Some of the best technology in the world was invented in Israel. The VoIP market was launched in the country and the biblical land of milk and honey still leads the world in communications and technology. Many US-based companies do much of their R&D in Israel in fact because there is such a strong pool of talent and the Israelis seem to be very inventive.
With a strong track record and in a market where technology seems to be one of the more stable investment areas, it is a bit of a surprise to see that the amount of VC funds raised last year was less than one-tenth of the all-time high of $2.9 billion raised in 2000. The actual number raised in 2009 was $229 million- the third-lowest of the decade.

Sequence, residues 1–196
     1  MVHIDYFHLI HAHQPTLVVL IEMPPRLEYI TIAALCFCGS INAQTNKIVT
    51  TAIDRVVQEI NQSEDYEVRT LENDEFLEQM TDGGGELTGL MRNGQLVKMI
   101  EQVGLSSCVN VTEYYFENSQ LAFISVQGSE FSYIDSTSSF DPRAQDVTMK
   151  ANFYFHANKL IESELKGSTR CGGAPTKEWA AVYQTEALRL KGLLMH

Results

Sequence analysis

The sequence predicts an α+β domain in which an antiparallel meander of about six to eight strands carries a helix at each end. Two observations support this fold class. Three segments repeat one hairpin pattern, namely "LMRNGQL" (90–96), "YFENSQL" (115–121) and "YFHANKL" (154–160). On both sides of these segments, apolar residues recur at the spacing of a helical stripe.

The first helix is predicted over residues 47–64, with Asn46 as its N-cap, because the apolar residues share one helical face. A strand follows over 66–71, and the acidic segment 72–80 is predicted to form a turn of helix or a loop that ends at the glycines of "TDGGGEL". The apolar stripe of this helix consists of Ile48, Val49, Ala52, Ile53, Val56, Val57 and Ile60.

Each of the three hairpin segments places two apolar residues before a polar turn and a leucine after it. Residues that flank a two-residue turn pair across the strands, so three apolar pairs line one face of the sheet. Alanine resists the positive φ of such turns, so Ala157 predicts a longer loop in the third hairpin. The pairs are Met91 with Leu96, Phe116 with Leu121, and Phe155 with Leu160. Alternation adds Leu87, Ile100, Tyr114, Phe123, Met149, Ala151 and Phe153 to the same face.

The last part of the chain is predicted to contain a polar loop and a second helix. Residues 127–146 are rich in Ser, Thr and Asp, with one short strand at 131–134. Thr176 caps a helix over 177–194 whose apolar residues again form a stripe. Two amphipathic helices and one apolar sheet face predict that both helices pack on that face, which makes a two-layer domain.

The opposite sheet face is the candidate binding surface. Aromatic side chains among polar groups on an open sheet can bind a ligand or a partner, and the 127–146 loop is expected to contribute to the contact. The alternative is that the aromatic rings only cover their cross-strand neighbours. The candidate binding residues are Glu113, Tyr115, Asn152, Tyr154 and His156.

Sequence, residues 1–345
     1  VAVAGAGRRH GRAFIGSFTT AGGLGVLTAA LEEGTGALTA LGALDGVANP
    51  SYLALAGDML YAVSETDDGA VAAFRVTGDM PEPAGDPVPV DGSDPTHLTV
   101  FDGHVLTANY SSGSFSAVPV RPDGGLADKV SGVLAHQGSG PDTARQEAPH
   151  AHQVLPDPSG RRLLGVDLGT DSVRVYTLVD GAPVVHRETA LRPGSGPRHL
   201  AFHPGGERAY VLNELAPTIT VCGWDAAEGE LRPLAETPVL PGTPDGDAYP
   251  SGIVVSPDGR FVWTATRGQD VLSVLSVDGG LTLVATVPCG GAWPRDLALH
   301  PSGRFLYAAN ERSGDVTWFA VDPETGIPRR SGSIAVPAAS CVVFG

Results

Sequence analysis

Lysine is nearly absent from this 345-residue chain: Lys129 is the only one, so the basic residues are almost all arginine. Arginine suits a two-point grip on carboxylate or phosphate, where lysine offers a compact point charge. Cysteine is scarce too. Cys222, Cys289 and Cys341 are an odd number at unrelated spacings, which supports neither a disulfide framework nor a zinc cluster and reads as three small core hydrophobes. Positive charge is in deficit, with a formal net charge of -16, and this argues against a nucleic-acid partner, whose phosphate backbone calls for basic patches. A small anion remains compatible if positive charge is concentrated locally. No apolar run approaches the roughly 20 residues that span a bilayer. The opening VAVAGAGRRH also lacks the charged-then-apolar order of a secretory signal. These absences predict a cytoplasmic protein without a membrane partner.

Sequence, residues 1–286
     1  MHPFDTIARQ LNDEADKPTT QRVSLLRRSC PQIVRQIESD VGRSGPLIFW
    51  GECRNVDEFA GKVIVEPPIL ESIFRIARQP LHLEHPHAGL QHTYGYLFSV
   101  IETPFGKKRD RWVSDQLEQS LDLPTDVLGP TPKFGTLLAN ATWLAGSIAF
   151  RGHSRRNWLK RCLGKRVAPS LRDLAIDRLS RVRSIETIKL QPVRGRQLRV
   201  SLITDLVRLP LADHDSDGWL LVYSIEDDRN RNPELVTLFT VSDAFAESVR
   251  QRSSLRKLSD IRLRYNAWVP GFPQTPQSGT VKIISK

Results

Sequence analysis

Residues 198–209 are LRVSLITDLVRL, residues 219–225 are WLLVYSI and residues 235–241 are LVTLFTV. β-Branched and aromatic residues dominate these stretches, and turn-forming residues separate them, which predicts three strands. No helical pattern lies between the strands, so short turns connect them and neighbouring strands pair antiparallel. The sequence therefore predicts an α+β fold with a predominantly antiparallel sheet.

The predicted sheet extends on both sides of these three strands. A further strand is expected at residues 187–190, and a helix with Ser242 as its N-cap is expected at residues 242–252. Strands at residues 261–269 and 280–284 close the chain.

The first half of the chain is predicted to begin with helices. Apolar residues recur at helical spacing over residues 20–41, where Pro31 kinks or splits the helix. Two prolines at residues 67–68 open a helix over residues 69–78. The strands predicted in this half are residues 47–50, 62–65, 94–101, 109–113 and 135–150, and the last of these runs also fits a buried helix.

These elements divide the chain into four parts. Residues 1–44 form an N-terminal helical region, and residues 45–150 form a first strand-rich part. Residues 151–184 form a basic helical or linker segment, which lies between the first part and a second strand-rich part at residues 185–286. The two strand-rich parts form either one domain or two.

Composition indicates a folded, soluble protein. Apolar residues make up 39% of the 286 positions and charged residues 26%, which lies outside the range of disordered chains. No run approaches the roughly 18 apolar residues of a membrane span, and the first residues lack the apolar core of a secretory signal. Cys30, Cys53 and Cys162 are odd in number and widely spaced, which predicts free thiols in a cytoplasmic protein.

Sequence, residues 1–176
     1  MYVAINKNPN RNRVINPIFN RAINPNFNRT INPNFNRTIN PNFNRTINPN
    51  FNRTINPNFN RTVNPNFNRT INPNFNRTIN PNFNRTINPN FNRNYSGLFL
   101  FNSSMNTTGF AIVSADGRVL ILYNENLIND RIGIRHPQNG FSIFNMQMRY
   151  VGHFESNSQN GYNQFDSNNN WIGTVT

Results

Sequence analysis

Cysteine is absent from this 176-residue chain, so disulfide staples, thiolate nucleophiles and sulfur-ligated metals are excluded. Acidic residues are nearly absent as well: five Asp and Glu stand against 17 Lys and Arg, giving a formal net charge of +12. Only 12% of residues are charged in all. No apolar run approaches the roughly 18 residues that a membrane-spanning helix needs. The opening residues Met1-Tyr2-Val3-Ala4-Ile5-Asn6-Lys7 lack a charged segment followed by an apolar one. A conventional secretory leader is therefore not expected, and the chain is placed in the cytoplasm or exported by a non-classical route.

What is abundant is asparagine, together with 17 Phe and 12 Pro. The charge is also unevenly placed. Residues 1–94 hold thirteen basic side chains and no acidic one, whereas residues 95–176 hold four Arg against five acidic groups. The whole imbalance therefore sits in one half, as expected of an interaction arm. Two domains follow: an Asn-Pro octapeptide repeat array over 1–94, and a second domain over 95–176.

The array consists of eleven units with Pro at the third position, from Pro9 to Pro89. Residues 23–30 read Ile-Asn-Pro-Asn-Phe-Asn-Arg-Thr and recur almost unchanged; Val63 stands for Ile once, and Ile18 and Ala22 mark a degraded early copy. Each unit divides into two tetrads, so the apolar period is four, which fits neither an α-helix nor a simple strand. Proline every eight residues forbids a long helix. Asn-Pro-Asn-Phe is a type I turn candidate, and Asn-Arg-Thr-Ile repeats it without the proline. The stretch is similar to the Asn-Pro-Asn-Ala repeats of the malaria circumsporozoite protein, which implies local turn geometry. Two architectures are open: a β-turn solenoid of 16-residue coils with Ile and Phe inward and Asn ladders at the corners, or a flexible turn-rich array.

My perhaps contrarian viewpoint on the matter is that the credit-crunch in many ways may be good for the remaining investors as there will be less competition for each idea. One thing which became abundantly clear in 2001 was there were many good ideas but too much money chasing them.
Perhaps this level of investment is more appropriate and moreover the rise of cloud-based infrastructure means the cost to start new companies today is a fraction of what it once was.
One final bit of good news for startups is the rise of piggybacking where you can leverage existing platforms such as Twitter, Facebook and various app stores to make money without having to develop entire social networking platforms or smartphones yourself.
So while the investment amount has decreased more 90% from the high, it may be argued that they price of launching a new company has also decreased by a commensurate amount.
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